Belgian officials have now responded to the outcry over their raid of Catholic institutions this past weekend — including the tomb of a cardinal — in search of documents relating to sex-abuse cases. They claim the search was prompted by a tip from the former head of an internal Church commission in charge of investigating such cases, who believed the Church may be hiding them. A spokesman for the Belgian prosecutor’s office insisted, “We are not starting an inquisition against the church.”

That answer may not satisfy, but it does speak to a particularly combustible situation in Belgium when it comes to allegations of sexual abuse of minors and the Catholic Church. John Allen explains the situation, calling it a “perfect storm”:

  • In the 1990s, Belgium experienced a horrific pedophilia scandal that left the country extraordinarily sensitive to issues of child sexual abuse.
  • Belgium is among the most secularized corners of Europe, so skepticism of institutional religion, and especially the Catholic church, is a powerful social current.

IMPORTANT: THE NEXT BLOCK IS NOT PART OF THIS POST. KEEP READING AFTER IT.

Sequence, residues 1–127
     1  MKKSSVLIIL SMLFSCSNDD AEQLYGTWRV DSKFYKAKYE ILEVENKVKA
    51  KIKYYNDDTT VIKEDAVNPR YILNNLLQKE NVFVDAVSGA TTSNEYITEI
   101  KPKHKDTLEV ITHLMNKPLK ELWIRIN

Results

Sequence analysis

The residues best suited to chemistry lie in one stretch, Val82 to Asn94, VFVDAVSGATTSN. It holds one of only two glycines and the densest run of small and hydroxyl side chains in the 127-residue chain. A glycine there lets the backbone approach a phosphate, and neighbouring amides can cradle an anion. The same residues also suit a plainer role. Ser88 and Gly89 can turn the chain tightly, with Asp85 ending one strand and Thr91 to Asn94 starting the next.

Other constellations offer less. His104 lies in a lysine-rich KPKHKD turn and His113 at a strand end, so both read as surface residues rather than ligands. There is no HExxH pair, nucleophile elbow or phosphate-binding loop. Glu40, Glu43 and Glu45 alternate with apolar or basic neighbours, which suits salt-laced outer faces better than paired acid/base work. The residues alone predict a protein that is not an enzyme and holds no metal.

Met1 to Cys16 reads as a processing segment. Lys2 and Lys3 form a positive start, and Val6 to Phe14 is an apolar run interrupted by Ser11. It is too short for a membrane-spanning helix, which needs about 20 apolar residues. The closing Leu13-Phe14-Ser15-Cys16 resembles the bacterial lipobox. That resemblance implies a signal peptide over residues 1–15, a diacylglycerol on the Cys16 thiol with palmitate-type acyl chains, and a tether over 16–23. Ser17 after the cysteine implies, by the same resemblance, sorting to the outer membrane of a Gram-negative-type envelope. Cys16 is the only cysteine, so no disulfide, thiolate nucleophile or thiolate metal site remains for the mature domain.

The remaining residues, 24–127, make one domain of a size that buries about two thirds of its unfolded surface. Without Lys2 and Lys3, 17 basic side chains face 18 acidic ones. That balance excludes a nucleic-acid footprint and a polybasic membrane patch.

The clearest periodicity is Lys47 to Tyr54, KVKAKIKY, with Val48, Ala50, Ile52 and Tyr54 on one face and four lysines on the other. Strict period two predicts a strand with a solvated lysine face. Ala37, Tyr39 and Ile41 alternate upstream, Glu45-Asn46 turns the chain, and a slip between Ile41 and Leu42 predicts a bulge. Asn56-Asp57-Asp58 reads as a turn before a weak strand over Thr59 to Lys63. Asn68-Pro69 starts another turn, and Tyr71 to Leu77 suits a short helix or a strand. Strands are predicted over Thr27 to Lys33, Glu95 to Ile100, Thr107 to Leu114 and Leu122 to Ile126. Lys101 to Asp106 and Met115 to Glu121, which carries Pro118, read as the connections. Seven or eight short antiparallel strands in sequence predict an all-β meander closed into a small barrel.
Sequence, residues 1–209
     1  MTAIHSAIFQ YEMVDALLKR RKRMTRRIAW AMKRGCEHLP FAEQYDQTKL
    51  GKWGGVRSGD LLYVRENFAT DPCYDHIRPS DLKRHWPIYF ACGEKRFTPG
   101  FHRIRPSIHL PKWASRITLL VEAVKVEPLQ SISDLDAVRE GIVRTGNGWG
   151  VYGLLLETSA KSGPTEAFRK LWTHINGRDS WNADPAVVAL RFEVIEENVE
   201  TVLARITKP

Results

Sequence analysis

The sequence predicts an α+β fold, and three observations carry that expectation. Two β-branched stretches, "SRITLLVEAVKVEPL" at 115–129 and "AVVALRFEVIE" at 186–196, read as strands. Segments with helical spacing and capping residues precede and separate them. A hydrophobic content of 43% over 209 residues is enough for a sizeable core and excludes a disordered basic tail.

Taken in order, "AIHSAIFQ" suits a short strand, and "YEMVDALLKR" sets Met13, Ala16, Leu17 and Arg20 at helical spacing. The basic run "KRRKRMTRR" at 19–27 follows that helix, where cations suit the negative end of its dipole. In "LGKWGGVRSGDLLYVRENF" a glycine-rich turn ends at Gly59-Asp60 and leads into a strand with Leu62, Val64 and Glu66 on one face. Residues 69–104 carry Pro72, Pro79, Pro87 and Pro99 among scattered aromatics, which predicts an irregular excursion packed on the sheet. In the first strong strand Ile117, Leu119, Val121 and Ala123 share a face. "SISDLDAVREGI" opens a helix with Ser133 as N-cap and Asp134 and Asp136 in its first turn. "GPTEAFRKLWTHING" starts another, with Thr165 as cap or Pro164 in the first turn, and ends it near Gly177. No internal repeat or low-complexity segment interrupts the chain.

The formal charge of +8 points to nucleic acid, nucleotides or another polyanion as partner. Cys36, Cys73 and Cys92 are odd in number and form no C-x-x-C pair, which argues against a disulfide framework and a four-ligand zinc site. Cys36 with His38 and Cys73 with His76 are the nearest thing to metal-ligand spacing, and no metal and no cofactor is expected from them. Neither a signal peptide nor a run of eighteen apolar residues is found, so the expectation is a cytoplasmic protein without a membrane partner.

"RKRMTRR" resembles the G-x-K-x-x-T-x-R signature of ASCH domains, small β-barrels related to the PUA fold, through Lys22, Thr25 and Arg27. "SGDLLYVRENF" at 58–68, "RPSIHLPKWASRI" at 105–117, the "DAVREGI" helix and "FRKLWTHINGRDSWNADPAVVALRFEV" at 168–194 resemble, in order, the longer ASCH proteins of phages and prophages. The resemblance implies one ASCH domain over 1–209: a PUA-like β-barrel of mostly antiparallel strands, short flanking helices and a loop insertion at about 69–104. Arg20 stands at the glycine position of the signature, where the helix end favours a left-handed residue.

• The transition in Brussels this February from Cardinal Godfriend Danneels to Archbishop André-Joseph Léonard, a much more conservative figure, cemented impressions in some quarters that the church is turning its back on a spirit of compromise.

Do read the rest of Allen’s take; it offers important insights as to why both Church and secular officials — as well as popular opinion in that country — have responded to the situation the way they have. Any one of these scenarios would make sexual abuse allegations against the Church a sensitive subject; put them together, and you have… well, the explosive situation in Belgium.

 

By

Margaret Cabaniss is the former managing editor of Crisis Magazine. She joined Crisis in 2002 after graduating from the University of the South with a degree in English Literature and currently lives in Baltimore, Maryland. She now blogs at SlowMama.com.

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